Public Art Fund

Double Take

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Double Take

About the Exhibition

Featuring five new commissions by six emerging artists, Double Take celebrates the curious over the comfortable, the strange over the simple, and the mysterious over the mundane. Designed with the site’s specific conditions in mind, each artist has taken an element of the existing architecture or environment and subjected it to a process of modification or metamorphosis. The works play with fantasy and illusion to force a shift in perception, creating a mirage of sorts. Nothing is as it seems: a chain-link fence dissolves into pixels, a bonfire yearns for its flame, a lamppost bends, outdoor is indoors, and a ghost lurks.

Public Art Fund has been organizing exhibitions at MetroTech since 1993.

Double Take at MetroTech Center is part of an ongoing program organized by the Public Art Fund, and sponsored by MetroTech Commons Associates and MetroTech companies including Forest City Ratner Companies, JPMorganChase, National Grid, WellChoice, and Polytechnic Institute of New York University. Special thanks to Forest City Ratner Companies and First New York Partners.

Public Art Fund is a non-profit art organization supported by generous contributions from individuals, foundations, and corporations, and with funds from the New York City Department of Cultural Affairs; New York State Council on the Arts, a state agency; and the National Endowment for the Arts.

Johannes VanDerBeek’s Pilgrim Ghost is a part of the Public Art Fund program In the Public Realm, which is supported in part by the National Endowment for the Arts; New York State Council on the Arts, a state agency; and the New York City Department of Cultural Affairs.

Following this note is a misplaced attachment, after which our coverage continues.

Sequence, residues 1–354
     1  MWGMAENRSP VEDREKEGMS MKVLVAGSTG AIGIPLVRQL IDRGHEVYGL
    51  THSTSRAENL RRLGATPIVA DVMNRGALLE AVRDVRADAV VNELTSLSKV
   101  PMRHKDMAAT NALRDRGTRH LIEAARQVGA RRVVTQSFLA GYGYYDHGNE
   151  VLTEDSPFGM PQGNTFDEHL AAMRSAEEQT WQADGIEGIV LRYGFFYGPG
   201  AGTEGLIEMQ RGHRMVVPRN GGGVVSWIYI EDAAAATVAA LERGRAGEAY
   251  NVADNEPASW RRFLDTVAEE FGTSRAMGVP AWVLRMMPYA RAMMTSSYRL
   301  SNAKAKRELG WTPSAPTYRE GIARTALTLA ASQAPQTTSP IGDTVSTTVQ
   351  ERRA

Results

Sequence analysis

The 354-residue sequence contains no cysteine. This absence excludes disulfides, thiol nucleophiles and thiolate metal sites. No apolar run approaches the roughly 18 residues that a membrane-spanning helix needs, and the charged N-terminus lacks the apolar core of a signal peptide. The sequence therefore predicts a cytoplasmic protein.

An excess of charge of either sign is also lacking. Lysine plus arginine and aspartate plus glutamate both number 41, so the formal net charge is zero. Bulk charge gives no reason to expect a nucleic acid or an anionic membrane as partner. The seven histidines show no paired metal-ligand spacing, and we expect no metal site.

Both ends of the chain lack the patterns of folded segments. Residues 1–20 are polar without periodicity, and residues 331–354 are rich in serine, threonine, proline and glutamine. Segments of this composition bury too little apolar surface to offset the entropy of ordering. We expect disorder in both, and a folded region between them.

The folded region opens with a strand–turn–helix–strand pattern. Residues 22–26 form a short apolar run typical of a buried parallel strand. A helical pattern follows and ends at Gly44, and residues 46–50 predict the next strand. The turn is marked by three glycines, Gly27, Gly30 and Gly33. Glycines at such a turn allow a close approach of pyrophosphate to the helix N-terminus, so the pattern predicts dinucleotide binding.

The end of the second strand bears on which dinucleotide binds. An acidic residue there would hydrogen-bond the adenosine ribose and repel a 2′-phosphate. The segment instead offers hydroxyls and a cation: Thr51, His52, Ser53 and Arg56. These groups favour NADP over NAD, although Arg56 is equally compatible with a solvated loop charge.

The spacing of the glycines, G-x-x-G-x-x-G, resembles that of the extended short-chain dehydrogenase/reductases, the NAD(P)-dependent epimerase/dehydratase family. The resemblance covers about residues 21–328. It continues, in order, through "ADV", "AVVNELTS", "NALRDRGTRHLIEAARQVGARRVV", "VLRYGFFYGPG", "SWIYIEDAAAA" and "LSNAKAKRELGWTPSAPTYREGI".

Location

MetroTech Center

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Media Gallery

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Note: Image submissions are evaluated one-by-one to maintain quality control. Should your image be selected, it will appear within one week. Thank you.

Featured Artists

Christian de Vietri, The Gathering
Christian de Vietri (b.1981, Kalgoorlie, Australia) looks for moments of wonder as they exist in the material world. Often using a childlike sense of play to examine the materiality of objects, de Vietri inverts traditional patterns of behavior and characteristics of form. A bonfire evokes a multitude of connotations, from the festive to the sinister. Its intent may differ vastly, but its structure and function always remain the same: the bonfire is the centerpiece around which communities gather. The Gathering brings de Vietri’s distinct flair for finish and craft to the ultimate ephemeral construction. Individually cast aluminum branches and logs are stacked in an ordered pile to form a nearly six-foot-tall bonfire. Inherent in the process of its creation, the sculpture is both a prologue and epilogue to fire. The Gathering seems to be waiting for its spark, but in reality its spark has already been extinguished.

Michael DeLucia, Untitled (fences)